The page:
This silly tale of two cats of two colors finding both self and joint happiness may well provoke conversations.

READ REVIEW

A TALE OF TWO CATS

Who is handsomer, the white cat or the black cat?

In a waterfront vacation spot with outdoor cafes for tourists as the setting, two cats appear who are good friends. The black cat is “black as tar,” while the white cat is “white as whitewash.” Each then claims to be the better-looking one, resulting in a petty quarrel and a parting of the ways. But then each cat is filled with doubt. Maybe the disputed claims are correct and the other cat is truly more handsome. The cats then come up with a solution to the quandary, the white cat immersing itself in tar while the black cat whitewashes itself. This is in no way a resolution, of course, and it’s achieved with the obvious difficulties of maintaining the new colorations. Back to their original states they go, sharing a rekindling of their camaraderie over drinks and a resounding “Meow!” The story, translated into rhyming couplets from Hebrew, is told in cartoon panels with line drawings and people presenting in shades of white, orange, and blue. Readers may be left with questions. Is this simply an entertaining story about irksome quarreling, or is there a deeper issue that can be applied to humankind? The cats are mute on that.

This silly tale of two cats of two colors finding both self and joint happiness may well provoke conversations. (Picture book. 4-6)

Pub Date: Sept. 10, 2019

ISBN: 978-1-68396-266-3

Page Count: 28

Publisher: Fantagraphics Books

Review Posted Online: June 30, 2019

Kirkus Reviews Issue: July 15, 2019

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Should be packaged with an oxygen supply, as it will incontestably elicit uncontrollable gales of giggles.

THE DINKY DONKEY

Even more alliterative hanky-panky from the creators of The Wonky Donkey (2010).

Operating on the principle (valid, here) that anything worth doing is worth overdoing, Smith and Cowley give their wildly popular Wonky Donkey a daughter—who, being “cute and small,” was a “dinky donkey”; having “beautiful long eyelashes” she was in consequence a “blinky dinky donkey”; and so on…and on…and on until the cumulative chorus sails past silly and ludicrous to irresistibly hysterical: “She was a stinky funky plinky-plonky winky-tinky,” etc. The repeating “Hee Haw!” chorus hardly suggests what any audience’s escalating response will be. In the illustrations the daughter sports her parent’s big, shiny eyes and winsome grin while posing in a multicolored mohawk next to a rustic boombox (“She was a punky blinky”), painting her hooves pink, crossing her rear legs to signal a need to pee (“winky-tinky inky-pinky”), demonstrating her smelliness with the help of a histrionic hummingbird, and finally cozying up to her proud, evidently single parent (there’s no sign of another) for a closing cuddle.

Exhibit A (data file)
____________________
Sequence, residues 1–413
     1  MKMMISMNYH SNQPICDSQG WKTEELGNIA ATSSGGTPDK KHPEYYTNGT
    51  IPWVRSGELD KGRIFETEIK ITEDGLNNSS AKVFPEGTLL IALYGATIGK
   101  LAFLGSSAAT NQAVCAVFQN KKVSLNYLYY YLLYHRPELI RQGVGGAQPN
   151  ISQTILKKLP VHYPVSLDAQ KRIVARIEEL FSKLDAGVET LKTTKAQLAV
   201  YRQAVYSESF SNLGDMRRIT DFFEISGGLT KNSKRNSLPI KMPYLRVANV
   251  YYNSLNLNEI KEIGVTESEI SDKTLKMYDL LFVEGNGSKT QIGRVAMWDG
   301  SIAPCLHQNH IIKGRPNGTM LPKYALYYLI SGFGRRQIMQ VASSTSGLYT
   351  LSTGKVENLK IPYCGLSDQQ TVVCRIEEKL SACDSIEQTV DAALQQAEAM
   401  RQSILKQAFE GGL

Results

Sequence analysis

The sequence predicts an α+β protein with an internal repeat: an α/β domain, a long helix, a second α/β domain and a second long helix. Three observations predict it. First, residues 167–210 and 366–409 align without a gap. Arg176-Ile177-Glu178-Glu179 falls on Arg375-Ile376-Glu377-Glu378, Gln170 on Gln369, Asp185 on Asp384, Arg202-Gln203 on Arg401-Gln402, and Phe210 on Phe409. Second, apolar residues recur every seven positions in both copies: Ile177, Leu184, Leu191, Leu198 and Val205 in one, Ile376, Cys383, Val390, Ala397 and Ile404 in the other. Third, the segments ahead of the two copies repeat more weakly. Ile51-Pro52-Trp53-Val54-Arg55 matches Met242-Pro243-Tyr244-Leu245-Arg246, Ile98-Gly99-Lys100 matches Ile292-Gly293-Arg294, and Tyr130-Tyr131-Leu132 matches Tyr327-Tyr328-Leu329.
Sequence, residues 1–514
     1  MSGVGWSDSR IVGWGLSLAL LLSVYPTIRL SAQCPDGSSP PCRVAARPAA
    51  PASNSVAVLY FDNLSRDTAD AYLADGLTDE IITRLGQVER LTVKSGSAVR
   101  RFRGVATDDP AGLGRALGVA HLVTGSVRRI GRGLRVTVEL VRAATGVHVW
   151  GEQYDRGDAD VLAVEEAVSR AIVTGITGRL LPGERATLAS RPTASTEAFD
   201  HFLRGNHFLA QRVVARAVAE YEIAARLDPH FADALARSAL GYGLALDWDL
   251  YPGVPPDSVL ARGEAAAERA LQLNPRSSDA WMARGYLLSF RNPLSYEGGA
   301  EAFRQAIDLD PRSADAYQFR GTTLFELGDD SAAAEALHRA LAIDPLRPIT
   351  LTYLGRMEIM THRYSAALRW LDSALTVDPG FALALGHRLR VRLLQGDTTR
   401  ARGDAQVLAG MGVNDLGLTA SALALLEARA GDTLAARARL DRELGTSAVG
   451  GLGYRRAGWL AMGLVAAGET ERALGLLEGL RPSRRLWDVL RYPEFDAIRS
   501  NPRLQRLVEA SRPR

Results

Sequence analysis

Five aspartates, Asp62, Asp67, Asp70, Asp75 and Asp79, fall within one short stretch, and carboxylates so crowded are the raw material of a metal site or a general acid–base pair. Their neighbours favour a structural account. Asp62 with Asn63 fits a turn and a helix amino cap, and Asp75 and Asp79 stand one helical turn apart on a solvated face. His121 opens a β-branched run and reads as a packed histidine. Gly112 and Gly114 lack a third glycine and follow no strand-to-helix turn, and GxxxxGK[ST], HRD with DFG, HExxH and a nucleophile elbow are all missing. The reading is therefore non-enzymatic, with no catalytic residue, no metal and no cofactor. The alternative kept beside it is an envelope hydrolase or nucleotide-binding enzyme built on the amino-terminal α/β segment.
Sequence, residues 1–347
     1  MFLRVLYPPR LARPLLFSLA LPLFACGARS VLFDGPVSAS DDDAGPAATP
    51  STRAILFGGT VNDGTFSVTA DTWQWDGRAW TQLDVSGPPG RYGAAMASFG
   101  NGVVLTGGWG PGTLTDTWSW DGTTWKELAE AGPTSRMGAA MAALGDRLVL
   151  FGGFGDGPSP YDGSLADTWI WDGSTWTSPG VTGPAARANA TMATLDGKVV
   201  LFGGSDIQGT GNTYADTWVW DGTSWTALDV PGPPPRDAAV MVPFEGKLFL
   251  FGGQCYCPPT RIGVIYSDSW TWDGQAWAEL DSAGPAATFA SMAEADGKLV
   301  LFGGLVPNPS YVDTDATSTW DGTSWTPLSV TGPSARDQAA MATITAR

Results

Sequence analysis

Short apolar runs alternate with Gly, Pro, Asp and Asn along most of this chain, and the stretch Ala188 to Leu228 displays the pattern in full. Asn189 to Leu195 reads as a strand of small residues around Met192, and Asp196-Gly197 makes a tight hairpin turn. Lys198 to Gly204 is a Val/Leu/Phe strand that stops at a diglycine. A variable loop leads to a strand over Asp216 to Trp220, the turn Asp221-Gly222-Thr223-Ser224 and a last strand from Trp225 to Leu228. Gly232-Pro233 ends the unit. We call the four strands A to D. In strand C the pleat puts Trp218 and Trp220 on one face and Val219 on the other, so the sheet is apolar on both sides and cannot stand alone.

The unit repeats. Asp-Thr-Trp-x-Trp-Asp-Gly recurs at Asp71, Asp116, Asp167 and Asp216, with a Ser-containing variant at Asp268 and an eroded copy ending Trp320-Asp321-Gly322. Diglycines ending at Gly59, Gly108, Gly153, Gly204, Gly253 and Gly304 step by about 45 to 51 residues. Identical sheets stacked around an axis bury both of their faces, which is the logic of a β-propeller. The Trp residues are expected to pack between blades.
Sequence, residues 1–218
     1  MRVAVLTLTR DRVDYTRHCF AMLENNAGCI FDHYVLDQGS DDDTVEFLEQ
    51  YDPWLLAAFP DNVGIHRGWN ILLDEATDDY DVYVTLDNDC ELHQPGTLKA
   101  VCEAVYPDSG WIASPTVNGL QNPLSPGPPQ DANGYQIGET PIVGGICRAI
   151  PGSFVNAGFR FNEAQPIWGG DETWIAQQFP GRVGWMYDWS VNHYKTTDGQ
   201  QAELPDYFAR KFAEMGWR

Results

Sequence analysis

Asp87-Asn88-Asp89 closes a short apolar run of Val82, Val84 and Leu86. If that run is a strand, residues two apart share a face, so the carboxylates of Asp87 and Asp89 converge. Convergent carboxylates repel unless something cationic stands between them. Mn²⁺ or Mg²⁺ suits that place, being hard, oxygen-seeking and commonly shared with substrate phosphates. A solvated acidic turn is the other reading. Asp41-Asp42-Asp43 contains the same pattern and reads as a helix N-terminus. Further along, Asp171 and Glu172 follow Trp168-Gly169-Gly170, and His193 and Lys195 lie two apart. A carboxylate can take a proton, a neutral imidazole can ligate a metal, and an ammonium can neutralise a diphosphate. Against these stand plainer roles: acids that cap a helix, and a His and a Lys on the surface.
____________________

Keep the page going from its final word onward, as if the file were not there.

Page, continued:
Should be packaged with an oxygen supply, as it will incontestably elicit uncontrollable gales of giggles. (Picture book. 4-6)

Pub Date: Nov. 5, 2019

ISBN: 978-1-338-60083-4

Page Count: 24

Publisher: Scholastic

Review Posted Online: Oct. 13, 2019

Kirkus Reviews Issue: Nov. 1, 2019

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Aims high but just doesn’t get there.

LITTLE FOX AND THE WILD IMAGINATION

Beware the imagination that cannot be contained.

When Poppa Fox comes to pick his son up after school he finds Little Fox a complete grump. Happily, Poppa Fox knows just the way to perk up his kiddo. One minute they’re pretending to be race cars, the next they’re dinos on the bus, and then later they’re blasting off to outer space to grab some ice cream. Unfortunately, all that sugar before dinner means that Little Fox’s imagination is now primed to go haywire. Now he’s a robo squid destroying a broccoli forest (rather than eating his dinner), then a shark devouring his dad, who is driving a mail truck (that is, splashing way too much in the tub). Things calm down by bedtime, but when Poppa Fox tells his son he will pick him up again the next day, Little Fox already has big plans. As books built on the power of imagination go, this story starts out strong but loses steam about the time Little Fox loses his focus. Santat’s art does more than its fair share of the heavy lifting, particularly when Little Fox’s imagination is supposed to go off the rails. Madcap adventure never looked this fun. Yet the book can’t quite nail the landing, shifting tone from one page turn to the next, leaving readers ultimately unsatisfied. (This book was reviewed digitally with 11-by-17-inch double-page spreads viewed at 33.8% of actual size.)

Aims high but just doesn’t get there. (Picture book. 4-6)

Pub Date: Sept. 8, 2020

ISBN: 978-1-250-21250-4

Page Count: 40

Publisher: Roaring Brook

Review Posted Online: June 30, 2020

Kirkus Reviews Issue: July 15, 2020

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